The process of hiring people for technical roles is as broken as it is important, and the much-criticised coding interview is a key part of the problem.
Developer Sahat Yalkabov illustrated this in no uncertain terms in a Medium post last year. So bad was his experience he decided to stop looking for a job altogether. This from a man with some household name tech brands on his CV – hardly someone you’d expect to be struggling for work.
Entrepreneur Eric Elliot went one step further to suggest tech hiring has always been broken. hand not fixing it, he said, could have a detrimental impact on the industry’s future. “Poor hiring practices aren’t simply bad for the company doing the hiring,” he said, “but the whole community.”
Why it needs to be fixed
The coding interview is arguably one of the biggest problems in tech hiring. Engineers are forced to jump through any number of hoops, and those hoops generally aren’t mapped to what they’ll be doing day-to-day and so give little indication of their ability.
In my experience, most companies don’t think hard enough about how to measure technical skill, so they simply rely on what’s gone before. This perpetuates bad practices and gives an unfair advantage to those who are good at a particular type of interview.
As one commenter in a Hacker News post put it, “Being a good programmer has a surprisingly small role in passing programming interviews.” A bold statement, perhaps, but it’s easy to see why the process leaves a bad taste in many candidates’ mouths when you consider some of the practices accepted as normal.
The idea that programmers should have to write code on a whiteboard on demand, for example, is absurd. No human brain can properly parse, interpret, pile and run code as quickly or accurately as a machine can.
There’s a reason people code on computers, and that’s exactly what they should be using in an interview. That said, it’s not for a lack of trying that companies haven’t managed to get this right. Brands like Facebook have already thrown a huge amount of time and effort at the problem, which illustrates just how difficult it is to solve.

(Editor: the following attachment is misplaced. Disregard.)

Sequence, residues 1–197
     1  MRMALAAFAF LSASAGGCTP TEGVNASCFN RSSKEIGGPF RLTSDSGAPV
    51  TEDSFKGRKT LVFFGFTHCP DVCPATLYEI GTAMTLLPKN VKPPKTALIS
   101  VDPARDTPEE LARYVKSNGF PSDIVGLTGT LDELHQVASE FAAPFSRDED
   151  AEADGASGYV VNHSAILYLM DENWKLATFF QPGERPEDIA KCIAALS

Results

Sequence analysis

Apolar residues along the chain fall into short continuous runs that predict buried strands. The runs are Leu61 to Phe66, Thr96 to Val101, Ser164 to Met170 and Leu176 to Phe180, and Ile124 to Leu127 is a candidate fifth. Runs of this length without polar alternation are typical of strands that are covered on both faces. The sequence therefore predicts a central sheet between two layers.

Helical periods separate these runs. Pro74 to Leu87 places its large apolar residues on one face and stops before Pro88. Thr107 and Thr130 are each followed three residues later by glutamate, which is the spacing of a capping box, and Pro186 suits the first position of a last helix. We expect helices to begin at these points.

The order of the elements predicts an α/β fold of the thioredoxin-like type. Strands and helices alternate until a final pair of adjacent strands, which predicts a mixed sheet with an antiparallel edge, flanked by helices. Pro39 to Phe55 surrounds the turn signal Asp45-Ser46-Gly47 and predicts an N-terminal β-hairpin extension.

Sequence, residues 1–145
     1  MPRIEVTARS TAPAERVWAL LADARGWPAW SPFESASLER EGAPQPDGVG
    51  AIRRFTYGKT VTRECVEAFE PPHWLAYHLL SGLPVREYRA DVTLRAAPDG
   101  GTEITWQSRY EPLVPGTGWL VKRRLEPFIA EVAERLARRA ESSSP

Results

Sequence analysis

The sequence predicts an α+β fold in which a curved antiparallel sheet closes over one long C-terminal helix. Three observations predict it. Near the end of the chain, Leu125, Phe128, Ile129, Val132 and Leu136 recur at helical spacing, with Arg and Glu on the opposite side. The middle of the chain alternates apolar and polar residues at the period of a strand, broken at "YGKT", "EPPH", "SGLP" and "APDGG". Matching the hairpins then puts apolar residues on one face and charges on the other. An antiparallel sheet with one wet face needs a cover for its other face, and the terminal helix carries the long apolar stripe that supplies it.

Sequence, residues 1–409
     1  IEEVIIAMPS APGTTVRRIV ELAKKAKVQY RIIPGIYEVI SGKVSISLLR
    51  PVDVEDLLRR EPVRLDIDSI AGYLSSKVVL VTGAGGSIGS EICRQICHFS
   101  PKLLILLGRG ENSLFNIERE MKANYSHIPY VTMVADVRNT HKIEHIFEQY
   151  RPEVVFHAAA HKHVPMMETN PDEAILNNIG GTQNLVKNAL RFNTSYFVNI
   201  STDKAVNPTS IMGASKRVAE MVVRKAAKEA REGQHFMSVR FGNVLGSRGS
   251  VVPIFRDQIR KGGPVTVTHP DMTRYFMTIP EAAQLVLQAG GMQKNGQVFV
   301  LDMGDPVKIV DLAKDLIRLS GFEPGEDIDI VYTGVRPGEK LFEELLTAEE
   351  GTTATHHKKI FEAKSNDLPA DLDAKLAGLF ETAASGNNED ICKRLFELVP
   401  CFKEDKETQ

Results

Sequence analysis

And you have to ask people something. Coming up with an interview process is tough. It could be a full-time job. Most companies – particularly start-ups – don’t have the time or resources to dedicate to it. So it’s easier to fall back on formulaic tests that focus on what people have memorised rather than what they’ve done.
Those exercises might work when you’re assessing someone fresh out of university with no work experience, but if you apply them to people who do have experience you’re unlikely to be testing for relevant skills. You also risk missing out on brilliant candidates who come from different backgrounds.
Some of Hired’s best programmers didn’t come through higher education, and there’s nothing wrong with that. In fact, according to Hired’s Mind the Gap report, more than a quarter (26%) of UK developers have no university degree. But what they have in their memory will be different to someone who’s done a four-year degree course.
Put those two people through the same whiteboard test and it’s likely the university graduate – with four years spent memorising information to pass exams – will outperform the other, but that doesn’t mean they’re likely to perform any better or worse in the role you’re hiring them for. It’s a fundamentally biased way of testing people, and could mean inadvertently turning away the better candidate.
A better way to interview coders
Think about what actually matters in terms of a person’s ability to do their job. I don’t mean whether they’re a great programmer generally, or how much coding knowledge they have, but rather their ability to do the specific job you’re trying to fill.
Mimicking the real job of a coder in an interview is enormously difficult, however, particularly when it comes to achieving context. Even in a relatively new codebase it can take months for a programmer to gain sufficient context to be able to contribute at a decent pace.
In the past employers have tried to cater for this in their own interview process by having candidates work with a much smaller sample codebase. But companies like Hired have learned even a few hundred lines of code across a handful of files can be overwhelming for a one-hour session. As a result, it is necessary to keep the tasks quite simple, meaning good candidates didn’t have the chance to properly shine.
One way to overcome this is taking that same concept of a smaller codebase but sending it to candidates ahead of time. This way they wouldn’t have to build context in the moment and you could make the interview much more complex, which should allow you to better differentiate strong candidates.
And as with anything in business, learning and improving is a hugely important part of the process. Hiring should be a two-way street, during which you gain as much feedback from candidates as you give them. This is not only hugely important for your employer brand (it shows you actually care about the candidate experience), but also helps you understand what you could do better and take action accordingly.
Nobody has a silver bullet to fix the coding interview, and this certainly won’t be the last article written about it. But if enough of the big players start moving in the right direction it’s fair to assume others will follow. Then, at least, we might see fewer people talking about this in future.
Sourced by Nidhi Gupta, SVP of Engineering, Hired
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